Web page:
Readers of the NOM blog know that the push to redefine marriage has far-reaching consequences. Redefining marriage renders the institution meaningless. Once marriage is no longer the lifelong union of one man and one woman, there is no logical conclusion as to why three or four consenting adults can't "marry." After all, if marriage is solely based on adults' emotions, why must it be limited to two people? Why deny a "throuple" or "quartet" the right to "marriage equality"?
A recent article in The Atlantic profiled "polyamorous" couples who reject "mono-normativity." Some of them have children who are aware of their polygamous relationships; others live together as "triads."
According to the featured polyamorists--who, by the way, were all interviewed using pseudonyms or their first names only--having different partners satisfies different needs and the more partners to whom they become close, the more fulfilled they are.
Leah Libresco, writing for The American Conservative, responded to some of the claims in this article, particularly the assumption that one's spouse or partner must fulfill 100 percent of expectations. Libresco argues that expecting one's spouse to be "perfect" or fulfill unrealistic ideals is a destructive mindset with which to approach marriage:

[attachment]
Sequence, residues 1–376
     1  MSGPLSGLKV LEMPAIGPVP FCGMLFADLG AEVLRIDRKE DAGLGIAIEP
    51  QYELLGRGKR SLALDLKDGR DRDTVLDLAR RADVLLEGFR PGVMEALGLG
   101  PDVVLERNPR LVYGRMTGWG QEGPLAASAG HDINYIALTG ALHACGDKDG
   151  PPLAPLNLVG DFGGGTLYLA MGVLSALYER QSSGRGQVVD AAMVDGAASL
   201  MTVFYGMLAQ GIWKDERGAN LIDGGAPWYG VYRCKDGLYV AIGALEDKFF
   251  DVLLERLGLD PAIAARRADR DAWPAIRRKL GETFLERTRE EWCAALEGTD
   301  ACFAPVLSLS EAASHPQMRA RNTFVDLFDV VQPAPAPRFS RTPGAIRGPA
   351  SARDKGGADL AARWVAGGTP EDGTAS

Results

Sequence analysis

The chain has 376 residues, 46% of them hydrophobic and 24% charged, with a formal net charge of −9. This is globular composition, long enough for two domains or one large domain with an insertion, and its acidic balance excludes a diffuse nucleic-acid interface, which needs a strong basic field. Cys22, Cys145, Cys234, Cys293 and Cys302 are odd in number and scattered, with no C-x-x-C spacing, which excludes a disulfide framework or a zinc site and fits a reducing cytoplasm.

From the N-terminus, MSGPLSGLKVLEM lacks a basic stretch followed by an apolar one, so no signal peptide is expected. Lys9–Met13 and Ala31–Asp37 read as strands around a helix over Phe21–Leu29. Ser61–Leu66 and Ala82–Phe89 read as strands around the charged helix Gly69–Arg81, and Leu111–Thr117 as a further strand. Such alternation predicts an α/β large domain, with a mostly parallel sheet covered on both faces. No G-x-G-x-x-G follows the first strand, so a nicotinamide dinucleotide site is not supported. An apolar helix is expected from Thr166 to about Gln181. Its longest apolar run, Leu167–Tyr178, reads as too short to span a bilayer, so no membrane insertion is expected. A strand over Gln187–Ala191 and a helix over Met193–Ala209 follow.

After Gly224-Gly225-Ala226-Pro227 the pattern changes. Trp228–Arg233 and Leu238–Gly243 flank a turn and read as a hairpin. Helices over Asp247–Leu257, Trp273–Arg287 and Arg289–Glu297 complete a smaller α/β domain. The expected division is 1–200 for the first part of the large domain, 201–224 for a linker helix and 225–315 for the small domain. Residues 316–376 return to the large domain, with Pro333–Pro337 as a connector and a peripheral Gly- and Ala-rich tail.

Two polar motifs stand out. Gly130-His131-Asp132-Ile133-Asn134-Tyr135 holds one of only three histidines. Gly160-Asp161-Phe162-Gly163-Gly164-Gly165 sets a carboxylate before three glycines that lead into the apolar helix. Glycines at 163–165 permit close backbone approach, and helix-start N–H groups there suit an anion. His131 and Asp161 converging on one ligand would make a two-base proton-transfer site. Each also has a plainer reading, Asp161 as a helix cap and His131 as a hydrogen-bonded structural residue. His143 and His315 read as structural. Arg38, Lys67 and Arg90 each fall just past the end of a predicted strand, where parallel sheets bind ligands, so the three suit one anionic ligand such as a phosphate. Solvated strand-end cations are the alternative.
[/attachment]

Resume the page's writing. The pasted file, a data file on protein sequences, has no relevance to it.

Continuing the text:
Monogamy isn’t premised on the idea that one person can ever be everything to a partner. When a marriage fails to fulfill “the full smorgasbord” it’s not a sign that anything’s wrong. An expectation that a partner (or full set of them) is meant to be a perfect complement is destructive to romantic and platonic relationships.
If the friends of these marital perfectionists are rarely given the chance to excel, their spouses are only ever given the chance to fail. Expecting a romantic partner to be fully satisfactory doesn’t just damage existing marriages, it can preempt them. A person who assumes that their spouse should fit seamlessly into his or her life may pass up several good partners while waiting for the perfect one.
In the meantime, they’ll be missing out on the best part of marriage—the presence of a partner in the ongoing project of becoming better versions of yourself.
Self-sacrifice, as well as commitment to one's spouse and children, make marriages stronger--not polygamy or "polyamory."